Train Dreams by Denis Johnson

traindreamsIn 2012, the Pulitzer Prize board declined to award a prize in fiction as the members of the board simply could not reach a majority vote. Denis Johnson’s Train Dreams (originally published in a slightly different form by The Paris Review in 2002) was one of the nominees.

Robert Grainier is a day laborer – a logger, a hauler – born in 1886, dead in 1968. His origins are not known and he is essentially an orphan. Some claim that he spoke French as a child, and his parents may have been Canadian. But Grainier is raised in the U.S., and he is part of the epic changes the country goes through. As a young man, his eyes fall upon forests that “white” men and women have barely ventured into. Later on, in the 1950s, he almost catches a glimpse of Elvis Presley on his touring train. However, Grainier lives on the periphery. He leads an anonymous life and he will not be remembered after his death. He comes, he sees, and then returns to non-existence without leaving a lasting imprint on the world.

Quietly the novel describes a simple and intriguing life. Grainier can be described as a decent man, yet he tries to kill an alleged storeroom thief, a “Chinaman” who Grainier thinks puts a curse on him. His wife and young daughter bring happiness, but life is as fragile as the flickering light of a candle. Packs of wolves fill the night with their howls, and nature and local legends permeate his existence. And the ancient tales of the Bible are also part of Grainier’s world view. So when an all-consuming fire sweeps through the valley where Grainier lives he instantly makes biblical connections: “He saw no sign of their Bible, either. If the Lord had failed to protect even the book of his own Word, this proved to Grainier that here had come a fire stronger than God.”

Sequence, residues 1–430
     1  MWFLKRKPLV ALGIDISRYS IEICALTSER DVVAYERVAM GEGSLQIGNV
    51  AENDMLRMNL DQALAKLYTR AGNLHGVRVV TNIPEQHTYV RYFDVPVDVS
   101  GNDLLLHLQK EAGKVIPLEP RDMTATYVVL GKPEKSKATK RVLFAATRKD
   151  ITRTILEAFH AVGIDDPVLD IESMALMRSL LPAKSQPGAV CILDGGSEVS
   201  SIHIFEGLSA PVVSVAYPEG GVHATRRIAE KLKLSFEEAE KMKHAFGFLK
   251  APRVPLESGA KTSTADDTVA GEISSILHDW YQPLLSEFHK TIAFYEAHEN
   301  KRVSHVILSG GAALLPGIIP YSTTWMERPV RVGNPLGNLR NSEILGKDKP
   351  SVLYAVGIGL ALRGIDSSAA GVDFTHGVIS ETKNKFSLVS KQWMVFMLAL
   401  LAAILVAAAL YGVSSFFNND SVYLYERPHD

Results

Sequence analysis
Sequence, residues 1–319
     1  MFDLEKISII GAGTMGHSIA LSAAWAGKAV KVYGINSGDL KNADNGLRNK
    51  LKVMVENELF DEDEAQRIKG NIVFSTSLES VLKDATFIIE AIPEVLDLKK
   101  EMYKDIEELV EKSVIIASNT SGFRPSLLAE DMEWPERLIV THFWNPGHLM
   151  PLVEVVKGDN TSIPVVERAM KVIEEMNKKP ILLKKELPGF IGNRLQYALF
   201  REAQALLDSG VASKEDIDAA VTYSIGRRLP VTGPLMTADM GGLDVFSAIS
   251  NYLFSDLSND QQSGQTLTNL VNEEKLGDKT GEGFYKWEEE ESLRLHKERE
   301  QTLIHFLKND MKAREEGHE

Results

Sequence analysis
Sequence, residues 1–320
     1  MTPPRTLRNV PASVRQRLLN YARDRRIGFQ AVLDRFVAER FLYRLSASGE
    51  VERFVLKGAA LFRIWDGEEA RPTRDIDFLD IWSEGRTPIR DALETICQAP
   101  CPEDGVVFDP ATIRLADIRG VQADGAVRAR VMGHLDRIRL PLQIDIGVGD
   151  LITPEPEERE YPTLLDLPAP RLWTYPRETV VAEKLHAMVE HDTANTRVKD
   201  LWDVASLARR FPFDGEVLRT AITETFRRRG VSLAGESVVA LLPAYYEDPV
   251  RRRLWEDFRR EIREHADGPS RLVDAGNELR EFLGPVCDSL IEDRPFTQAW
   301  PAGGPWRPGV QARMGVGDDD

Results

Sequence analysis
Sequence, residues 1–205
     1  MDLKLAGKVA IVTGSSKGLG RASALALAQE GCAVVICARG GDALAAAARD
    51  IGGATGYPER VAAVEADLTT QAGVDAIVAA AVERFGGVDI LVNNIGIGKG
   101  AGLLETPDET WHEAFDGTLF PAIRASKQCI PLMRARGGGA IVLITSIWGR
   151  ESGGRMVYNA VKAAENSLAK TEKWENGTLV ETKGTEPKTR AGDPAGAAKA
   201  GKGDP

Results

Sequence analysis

Yes, Grainier inhabits an untamed wilderness far removed from the culture the settlers bring with them. And this meeting between nature and culture gives rise to something new. Even though men like Grainier were born, lived, and died without leaving much behind, they all helped create something that was (in a way) larger than them and that survives to this day: the legend of the American pioneer.

In Train Dreams, Denis Johnson breathes new life into this legend, and it’s easy to understand why this book was nominated for the Pulitzer Prize in fiction.

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One Response to “Train Dreams by Denis Johnson”

  1. Jackie Cangro Says:

    Thank you for posting this terrific review. I am going to add this to my reading list.

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